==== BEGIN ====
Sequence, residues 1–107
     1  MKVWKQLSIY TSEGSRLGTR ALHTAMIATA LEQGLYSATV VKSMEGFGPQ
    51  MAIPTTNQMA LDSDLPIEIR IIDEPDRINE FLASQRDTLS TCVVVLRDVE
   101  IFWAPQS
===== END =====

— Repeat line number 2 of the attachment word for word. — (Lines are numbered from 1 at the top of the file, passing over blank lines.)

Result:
     1  MKVWKQLSIY TSEGSRLGTR ALHTAMIATA LEQGLYSATV VKSMEGFGPQ